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Ambrosia-birdseye maple #12: The finish is nearly done

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Blog entry by JoeyG posted 949 days ago 1244 reads 0 times favorited 5 comments Add to Favorites Watch
« Part 11: first coat of poly Part 12 of Ambrosia-birdseye maple series Part 13: Time for the wrapping paper!!!!!!! »

Sometimes it can be difficult to recall the steps on takes and where I start and stop on this blog. I also tend to switch steps around sometimes depending on how the project is going.

My next step after the first coat of poly on the lids and sides was to flip the box, put 2 coats of poly on, sanding with 400 grit paper in between coats and applying my label. I haven’t invested in a branding iron yet so my solution is to use double sided carpet tape and a business card. I will find out how well these stand up to my kids carrying them around the house for a year or so and decide if I need to come up with a new idea. So far these seem very sturdy. The cards I bought have a nice glossy finish on them and we all know how strong carpet tape is.

Once the bottoms have fully dried I flip them back over, re-sand and add another coat of poly

I wanted to share this picture with you also. It is a different project but since I am going over finishing a little, I felt that this is kind of important to know and may help you out. As you can see in the picture I have several kinds of wood laminated together and then sanded through. Each wood finishes differently and poses it’s own challenges. In this case the poly likes to raise the grain in walnut. This needs to be sanded out and re coated as many times as it takes to get the finish you want. The important thing is that you have to sand everything else a little extra. The padauk will have a high gloss after just a couple of coats, while the walnut will take a few more. To keep it all even I sand down the other woods a little extra. Basically I make sure I take all of the glossiness away from the other woods until I have a uniform dulled look. I will try to capture this in a photo and maybe add it to the comments later. This is one of those times, I am sure someone has a better method or idea and I would love to hear them.

Thanks for joining me, I know I have said that at least every other post, but I truly mean it. I have learned a lot from your comments and from the process of trying to document how I do things. I have to think about what I am doing and why so that I can explain it and I think that doing this blog and helped me become just a little better in the shop.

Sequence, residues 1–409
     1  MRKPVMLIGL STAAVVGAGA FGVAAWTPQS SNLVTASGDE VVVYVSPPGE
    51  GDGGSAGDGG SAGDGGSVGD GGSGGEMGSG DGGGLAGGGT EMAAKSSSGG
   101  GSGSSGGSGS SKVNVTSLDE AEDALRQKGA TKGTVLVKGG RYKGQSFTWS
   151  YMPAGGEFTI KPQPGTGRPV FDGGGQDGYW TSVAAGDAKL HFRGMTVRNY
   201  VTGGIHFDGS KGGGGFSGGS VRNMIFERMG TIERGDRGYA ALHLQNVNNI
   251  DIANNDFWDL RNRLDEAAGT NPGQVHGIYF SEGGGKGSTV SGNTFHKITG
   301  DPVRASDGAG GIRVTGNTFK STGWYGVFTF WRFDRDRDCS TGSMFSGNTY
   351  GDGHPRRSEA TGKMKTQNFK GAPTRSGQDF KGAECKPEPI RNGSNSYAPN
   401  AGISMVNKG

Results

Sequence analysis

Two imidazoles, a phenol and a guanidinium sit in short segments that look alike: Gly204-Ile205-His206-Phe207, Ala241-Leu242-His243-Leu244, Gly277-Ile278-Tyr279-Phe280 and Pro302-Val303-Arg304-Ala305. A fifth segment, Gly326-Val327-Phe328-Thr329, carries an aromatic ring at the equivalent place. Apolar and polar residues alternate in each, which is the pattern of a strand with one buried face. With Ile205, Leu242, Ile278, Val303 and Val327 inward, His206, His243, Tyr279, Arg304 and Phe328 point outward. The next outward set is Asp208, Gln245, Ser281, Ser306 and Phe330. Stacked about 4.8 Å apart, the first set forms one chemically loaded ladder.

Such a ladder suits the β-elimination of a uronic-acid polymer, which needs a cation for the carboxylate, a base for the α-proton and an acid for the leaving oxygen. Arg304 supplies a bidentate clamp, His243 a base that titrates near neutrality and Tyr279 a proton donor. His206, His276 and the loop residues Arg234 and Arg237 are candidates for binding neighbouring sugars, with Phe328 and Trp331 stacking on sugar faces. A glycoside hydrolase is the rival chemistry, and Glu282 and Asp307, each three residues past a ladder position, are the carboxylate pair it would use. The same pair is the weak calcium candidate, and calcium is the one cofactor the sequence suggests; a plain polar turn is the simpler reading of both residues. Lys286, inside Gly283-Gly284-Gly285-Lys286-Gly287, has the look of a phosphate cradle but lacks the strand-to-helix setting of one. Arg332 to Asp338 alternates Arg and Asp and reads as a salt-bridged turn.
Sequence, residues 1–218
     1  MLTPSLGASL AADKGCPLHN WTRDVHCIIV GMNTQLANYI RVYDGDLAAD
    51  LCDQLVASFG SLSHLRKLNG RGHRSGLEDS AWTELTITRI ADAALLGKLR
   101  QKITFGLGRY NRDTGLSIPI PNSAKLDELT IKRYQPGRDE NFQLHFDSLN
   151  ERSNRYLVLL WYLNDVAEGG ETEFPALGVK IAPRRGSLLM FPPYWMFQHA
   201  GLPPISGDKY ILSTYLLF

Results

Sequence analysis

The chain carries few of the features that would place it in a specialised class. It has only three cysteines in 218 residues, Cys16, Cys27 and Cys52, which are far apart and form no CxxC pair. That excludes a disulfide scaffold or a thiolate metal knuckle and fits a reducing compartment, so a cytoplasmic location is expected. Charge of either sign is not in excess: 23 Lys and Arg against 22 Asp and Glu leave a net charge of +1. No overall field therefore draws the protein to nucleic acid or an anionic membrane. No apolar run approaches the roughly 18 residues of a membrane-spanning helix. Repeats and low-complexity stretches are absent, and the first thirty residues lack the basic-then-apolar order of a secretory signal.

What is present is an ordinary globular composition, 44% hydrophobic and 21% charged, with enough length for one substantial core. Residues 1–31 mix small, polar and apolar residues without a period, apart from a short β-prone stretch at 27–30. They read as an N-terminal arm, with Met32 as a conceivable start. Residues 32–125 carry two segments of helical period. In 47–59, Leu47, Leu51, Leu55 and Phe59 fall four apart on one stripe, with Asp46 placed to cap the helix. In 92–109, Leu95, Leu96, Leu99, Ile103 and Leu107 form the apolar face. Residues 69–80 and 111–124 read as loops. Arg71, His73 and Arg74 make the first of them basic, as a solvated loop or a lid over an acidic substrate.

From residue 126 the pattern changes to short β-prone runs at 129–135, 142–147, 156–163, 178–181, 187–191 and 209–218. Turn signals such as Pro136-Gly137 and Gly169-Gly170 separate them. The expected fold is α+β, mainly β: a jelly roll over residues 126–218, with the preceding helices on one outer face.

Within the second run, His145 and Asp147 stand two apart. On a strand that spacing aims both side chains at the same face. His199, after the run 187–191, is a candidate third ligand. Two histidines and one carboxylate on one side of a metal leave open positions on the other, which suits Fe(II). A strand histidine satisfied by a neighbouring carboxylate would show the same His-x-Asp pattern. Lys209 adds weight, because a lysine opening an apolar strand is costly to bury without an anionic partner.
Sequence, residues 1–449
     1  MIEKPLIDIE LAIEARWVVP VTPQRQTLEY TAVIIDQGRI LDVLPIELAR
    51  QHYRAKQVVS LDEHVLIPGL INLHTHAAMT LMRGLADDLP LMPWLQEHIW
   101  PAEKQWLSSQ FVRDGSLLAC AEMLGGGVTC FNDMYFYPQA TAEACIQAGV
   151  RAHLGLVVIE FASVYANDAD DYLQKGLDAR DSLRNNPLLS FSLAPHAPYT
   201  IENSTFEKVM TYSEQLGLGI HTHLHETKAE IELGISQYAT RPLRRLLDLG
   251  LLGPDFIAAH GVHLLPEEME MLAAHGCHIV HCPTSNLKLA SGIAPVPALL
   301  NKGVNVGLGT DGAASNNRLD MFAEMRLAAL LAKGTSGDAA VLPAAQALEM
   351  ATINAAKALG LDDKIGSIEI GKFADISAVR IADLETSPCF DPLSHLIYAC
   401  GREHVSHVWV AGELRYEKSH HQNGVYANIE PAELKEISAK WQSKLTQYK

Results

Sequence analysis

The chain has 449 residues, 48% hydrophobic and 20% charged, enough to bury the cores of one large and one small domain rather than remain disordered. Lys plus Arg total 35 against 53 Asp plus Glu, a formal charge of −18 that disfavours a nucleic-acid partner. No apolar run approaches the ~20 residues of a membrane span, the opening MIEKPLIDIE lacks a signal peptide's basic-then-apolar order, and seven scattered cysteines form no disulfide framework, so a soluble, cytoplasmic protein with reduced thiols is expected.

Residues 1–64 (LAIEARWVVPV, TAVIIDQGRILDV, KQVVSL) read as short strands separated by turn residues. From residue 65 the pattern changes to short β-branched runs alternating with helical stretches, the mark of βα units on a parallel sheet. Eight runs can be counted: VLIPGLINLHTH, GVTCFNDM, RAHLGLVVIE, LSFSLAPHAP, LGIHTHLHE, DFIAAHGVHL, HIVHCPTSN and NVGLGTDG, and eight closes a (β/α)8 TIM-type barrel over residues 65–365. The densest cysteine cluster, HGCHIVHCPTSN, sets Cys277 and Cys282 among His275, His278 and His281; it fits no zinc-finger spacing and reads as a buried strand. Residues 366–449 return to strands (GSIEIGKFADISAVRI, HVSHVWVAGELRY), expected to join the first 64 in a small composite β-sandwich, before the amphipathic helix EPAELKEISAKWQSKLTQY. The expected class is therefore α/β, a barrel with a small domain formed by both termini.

Thanks again, the next stop will be the finished projects page. Enjoy the dust.

Joey

-- JoeyG ~~~ http://www.facebook.com/JHGWoodWorks



5 comments so far

View MyChipCarving's profile

MyChipCarving

462 posts in 1720 days


#1 posted 949 days ago

I’m wondering if several coats of sanding sealer before the topcoat would solve the issues with different types of wood and how they take the poly topcoat. Sanding sealer dries very quickly and may save time too. it’s worth a try!

-- Marty, https://www.MyChipCarving.com, 866-444-6996

View JoeyG's profile

JoeyG

1233 posts in 1220 days


#2 posted 949 days ago

sanding sealer would make it easier, but not having any I have to do the next best thing. lol. I think the biggest problem is that the finish I am using is water based. It causes the grain to raise more than other finishes do. But I don’t have to deal with toxic waste. I think the next time I go to a big box store I will pic up some. Do you have one that you use? My biggest concern is something that changes the color of the wood. I haven’t used any in years and then I used a brand made for commercial production use. So I don’t have any experience with off the shelf stuff.

Thanks for the idea

-- JoeyG ~~~ http://www.facebook.com/JHGWoodWorks

View Dkol's profile

Dkol

70 posts in 1956 days


#3 posted 949 days ago

Joey,

You might consider 1lb cut Shellac as a sanding sealer. No real toxic stuff, just denatured alcohol, dries extremely fast and sands nicely.

View MyChipCarving's profile

MyChipCarving

462 posts in 1720 days


#4 posted 947 days ago

I use Zinsser Universal Sanding Sealer, 100% wax-free and no toxic waste. Available in most home centers. Basically it is just thinned down shellac. I like it.

-- Marty, https://www.MyChipCarving.com, 866-444-6996

View JoeyG's profile

JoeyG

1233 posts in 1220 days


#5 posted 947 days ago

Thank you, I will have to pick some up. It might save me a few coats of finish and a bit of elbow grease.

-- JoeyG ~~~ http://www.facebook.com/JHGWoodWorks

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